In the last little while I have been hearing a lot of…well to translate it into caveman: “Tribalism bad, must kill all tribalism” in the Christian culture I work in. But let’s take some time, as we head out to the shed to find the lynching rope behind the lawn mower and hunt down the monster, to ask if killing tribalism is actually a good idea.
Before I go any further, I should point out that I do live in the real world. I do know about the pain that tribalism in the Christian community has caused. I have scars, I have seen the bad side, I have probably also been guilty of causing some of this pain. I am not here to justify the sins of tribalism nor to say that there isn’t a problem, but to ask what we lose if it was strung up to die or more what we would lose while we doing the lynchin’. So in order from the least important to the most:
5. Tribes can only be so big
Tribes are inevitable. Tribalism is merely combining tribes into the one. But the dynamic of a tribe is that there are only so many chiefs and the rest are indians who follow the cultural norms of the tribe, and often feel neglected by being on the outer. It’s one thing to say we should just have one big tribe, but that really puts power in the hands of a few, not unity as we are being presented it would have where everyone gets a chance to collaborate.
4. Different tribes bring competition
One of the things I keep hearing in the justification of mob violence against tribalism is that we need to stop competing against each other. Actually I think we do need to keep competing. It stops us from being complacent, to keep innovating, to ask some hard theological questions from each other. Competition done well is a good thing and we shouldn’t be afraid of it.
3. Killing Tribalism distracts from more important things
To kill tribalism we need to track it down and kill it. OK, so what we really need to do is spend time talking and meeting with each other. I am not against this and it can be beneficial, but I have seen guys in ministry fill up their week with catch-ups with others in ministry and not do any evangelism or meeting the pastoral needs of their churches. We need to count the cost that killing tribalism does.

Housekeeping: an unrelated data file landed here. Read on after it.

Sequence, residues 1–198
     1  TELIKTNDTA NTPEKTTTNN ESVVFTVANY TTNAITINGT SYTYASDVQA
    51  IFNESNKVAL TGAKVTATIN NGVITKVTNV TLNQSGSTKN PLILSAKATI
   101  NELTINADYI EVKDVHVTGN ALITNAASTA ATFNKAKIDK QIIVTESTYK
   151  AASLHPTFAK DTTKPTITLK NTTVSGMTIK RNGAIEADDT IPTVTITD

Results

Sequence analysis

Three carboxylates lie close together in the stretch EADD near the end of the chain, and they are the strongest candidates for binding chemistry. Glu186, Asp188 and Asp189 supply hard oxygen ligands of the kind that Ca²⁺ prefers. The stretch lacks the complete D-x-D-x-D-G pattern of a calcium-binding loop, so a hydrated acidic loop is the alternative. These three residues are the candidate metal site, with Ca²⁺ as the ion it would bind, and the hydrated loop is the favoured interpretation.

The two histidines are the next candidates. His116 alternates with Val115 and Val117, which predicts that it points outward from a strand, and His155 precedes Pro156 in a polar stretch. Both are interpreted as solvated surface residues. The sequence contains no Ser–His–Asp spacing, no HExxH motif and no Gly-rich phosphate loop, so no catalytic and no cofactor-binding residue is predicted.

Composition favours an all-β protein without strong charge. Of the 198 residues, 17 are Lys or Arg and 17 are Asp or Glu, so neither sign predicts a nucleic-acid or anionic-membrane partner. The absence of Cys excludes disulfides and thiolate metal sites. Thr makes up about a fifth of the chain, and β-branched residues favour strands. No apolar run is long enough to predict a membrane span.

2. Unity is in Jesus and not in the Tribe
One of the dangers I think we have in seeking to kill tribalism is that we think we need to create unity. That unity has already been created for us in Jesus. We don’t need to nor are able to create that kind of unity. Yes, that unity should be expressed and tribalism can be the criminal that stops it. But I do not think is to kill tribalism is the solution and that is the solution that is being presented, but rather to recognise the unity that we already have.
1. The Gospel may be at Stake
In one of my previous jobs I had a meeting with a wiser, older man trying to convince him that our two organisations that worked happily together should simply merge: it would be easier. He counselled me well in showing the danger of that. His argument was that while both organisations were currently Biblically faithful and working well together, history teaches us that that will not always be the case. One or other of the organisations will fall, become heretical or there would be a falling out causing one group to fail. The other needed to be around to continue the work. “The Gospel is more important that either organisation” were the words that still ring in my ears so many years later. The Gospel and it’s progress is more important than killing tribalism.